DEBATE REVEALS CLEAR DIFFERENCES BETWEEN NYS SENATE CANDIDATES
October 30, 2014 -- The three candidates for the 5th New York State Senate District seat - incumbent Republican Senator Carl Marcellino, Democrat Sea Cliff Mayor Bruce Kennedy, and Libertarian Party Candidate Gigi Bowman - debated local and state issues at a Meet the Candidates forum sponsored by the Huntington League of Women Voters at the Harborfields Public Library in Greenlawn this past Monday evening. The candidates addressed a wide range of topics, and while there was agreement on some, clear distinctions emerged between the three candidates over women's reproductive rights and the Common Core learning standards, and to a certain degree over environmental issues and how to address income inequality.
The Republican and Democrat both stated that high property taxes and job creation were among the most significant issues facing Long Island and the more than 300,000 residents of the 5th Senate district which stretches along the North Shore of Long Island from Hempstead Harbor to Fort Salonga and south to the Long Island Expressway.
In response to the first question, "What are your top three priorities?" Mr. Kennedy emphasized property tax relief, and that a way of achieving that end was for the state to re-assume many of the obligations it has shifted to local governments and school districts. The state, he said, needs to go back to its traditional role in paying for Medicaid, an expense for which the county covers 15%. The state taking on full responsibility, as is done in all other states, he said, would allow the county to significantly reduce the amount it must collect through property taxes. Likewise, Mr. Kennedy said that the Gap Elimination Adjustment that was adopted in 2009 and that resulted in significant losses in state aid going to suburban school districts needs to be reformed or eliminated altogether, as a way of relieving pressure on school districts and school property taxpayers. His third priority, he continued, was to push for policies that would incentivize job creation on Long Island, as has been done upstate with a variety of programs.
Mr. Marcellino also said tax relief and creating new jobs were his top priorities. Responding to Mr. Kennedy's comments, he stated that the State has "frozen" the county's Medicaid contribution so that it will not increase beyond its current level, and that while the county would continue to pay a portion, any growth in those costs would be covered by the state. As for the Gap Elimination Adjustment, he said that that legislation had been passed by a Democratic Party controlled legislature, but agreed that the state needed to further address the issue. The legislation, he said, has led to Long Island's share of state education aid being reduced from 14 to 5%.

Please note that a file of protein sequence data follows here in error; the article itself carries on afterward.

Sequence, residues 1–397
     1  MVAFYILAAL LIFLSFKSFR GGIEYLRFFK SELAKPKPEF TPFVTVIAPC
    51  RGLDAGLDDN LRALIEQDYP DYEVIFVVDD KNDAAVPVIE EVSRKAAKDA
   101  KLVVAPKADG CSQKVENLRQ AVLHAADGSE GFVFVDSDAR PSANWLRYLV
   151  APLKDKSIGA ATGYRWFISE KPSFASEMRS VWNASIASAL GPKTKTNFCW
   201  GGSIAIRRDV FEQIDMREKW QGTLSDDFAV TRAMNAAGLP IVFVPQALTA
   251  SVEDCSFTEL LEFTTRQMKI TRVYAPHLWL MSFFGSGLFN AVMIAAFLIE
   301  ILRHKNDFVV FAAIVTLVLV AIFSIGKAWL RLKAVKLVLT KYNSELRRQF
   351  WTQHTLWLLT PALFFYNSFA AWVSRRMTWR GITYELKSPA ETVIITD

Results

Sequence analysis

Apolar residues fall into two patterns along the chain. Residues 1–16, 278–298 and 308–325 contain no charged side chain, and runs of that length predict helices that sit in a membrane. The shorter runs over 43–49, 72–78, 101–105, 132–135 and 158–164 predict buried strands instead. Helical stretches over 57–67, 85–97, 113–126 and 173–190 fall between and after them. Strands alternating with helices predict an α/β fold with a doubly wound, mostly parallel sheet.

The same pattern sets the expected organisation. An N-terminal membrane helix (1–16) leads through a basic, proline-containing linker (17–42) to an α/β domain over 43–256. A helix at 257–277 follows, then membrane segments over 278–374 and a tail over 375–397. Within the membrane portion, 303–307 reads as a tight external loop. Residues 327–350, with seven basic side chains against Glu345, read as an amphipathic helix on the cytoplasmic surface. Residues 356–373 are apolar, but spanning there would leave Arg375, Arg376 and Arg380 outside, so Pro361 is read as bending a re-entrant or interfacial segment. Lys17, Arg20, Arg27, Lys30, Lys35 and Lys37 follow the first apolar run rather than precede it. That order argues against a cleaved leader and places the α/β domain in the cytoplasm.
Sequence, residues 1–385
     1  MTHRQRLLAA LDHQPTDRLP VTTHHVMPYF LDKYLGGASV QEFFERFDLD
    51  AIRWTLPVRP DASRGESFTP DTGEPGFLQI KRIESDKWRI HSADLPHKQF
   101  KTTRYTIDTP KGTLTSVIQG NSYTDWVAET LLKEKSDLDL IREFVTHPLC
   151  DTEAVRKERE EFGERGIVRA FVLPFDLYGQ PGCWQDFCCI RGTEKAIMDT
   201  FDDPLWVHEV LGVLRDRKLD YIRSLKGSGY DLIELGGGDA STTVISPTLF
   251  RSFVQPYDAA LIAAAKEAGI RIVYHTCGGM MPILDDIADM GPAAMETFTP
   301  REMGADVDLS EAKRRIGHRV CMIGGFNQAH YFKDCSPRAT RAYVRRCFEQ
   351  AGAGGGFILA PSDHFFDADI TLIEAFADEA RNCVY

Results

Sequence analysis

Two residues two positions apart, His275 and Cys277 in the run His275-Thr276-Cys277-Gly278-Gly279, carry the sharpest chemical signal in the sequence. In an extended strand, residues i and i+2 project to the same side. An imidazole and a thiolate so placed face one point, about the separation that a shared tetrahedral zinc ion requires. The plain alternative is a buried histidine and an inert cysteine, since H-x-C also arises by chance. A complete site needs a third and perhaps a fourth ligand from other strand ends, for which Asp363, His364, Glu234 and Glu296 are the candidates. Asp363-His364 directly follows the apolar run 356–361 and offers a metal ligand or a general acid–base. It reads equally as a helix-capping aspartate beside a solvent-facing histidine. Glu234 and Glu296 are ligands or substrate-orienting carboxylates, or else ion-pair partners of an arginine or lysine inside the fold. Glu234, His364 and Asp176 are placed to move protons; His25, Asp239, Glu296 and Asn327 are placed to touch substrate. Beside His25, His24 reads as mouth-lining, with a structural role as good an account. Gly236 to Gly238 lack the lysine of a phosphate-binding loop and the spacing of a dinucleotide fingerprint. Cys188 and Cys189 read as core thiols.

Ms. Bowman, who is a real estate agent and a substitute teacher in the Huntington School District, said that her priorities were tax relief, eliminating the common core learning standards, and repealing the SAFE Act, a New York State gun control measure that was passed in the wake of the 2012 Sandy Hook Elementary School massacre.
Asked to address the issue of income inequality in New York State, Mr. Marcellino used the opportunity to express his support for workplace provisions contained within the Women’s Equality Act, a bill that has passed the Assembly but remains stalled in the Senate.
Ms. Bowman said that she believed that the Woman’s Equality Act would “set women back” and threw her support behind the free market governing the workplace.
Mr. Kennedy stated that he supported all ten parts of the Women’s Equality Act, and redirecting to the broader issue of income inequality, said that the state needed to increase the minimum wage to a “working wage.” “No one can support themselves on Long Island,” he said, “at the current minimum wage.” He continued that Costco pays its workers significantly higher than the minimum wage that Walmart pays many of its workers, and that Costco’s “financials are better.”
Ms. Bowman said she believed that raising the minimum wage would hurt small businessmen. Mr. Kennedy replied that he is a small businessman, and would never be able to attract the workers he needs at that wage level.
Returning to the Woman’s Equality Act, Mr. Marcellino stated that he supported nine of its ten provisions, opposing only the abortion proposal, which he said would allow late term abortions. “Activists in the Assembly,” he said were holding up passage of the other nine parts of the legislation by insisting that all ten provisions be voted on as a single bill.
He took issue with the “health of the mother” exception for third trimester abortions, saying that the language was too broad, and was too easy for women and doctors to get around. Mr. Marcellino asserted that women would be able to seek abortions the “day before the due date.”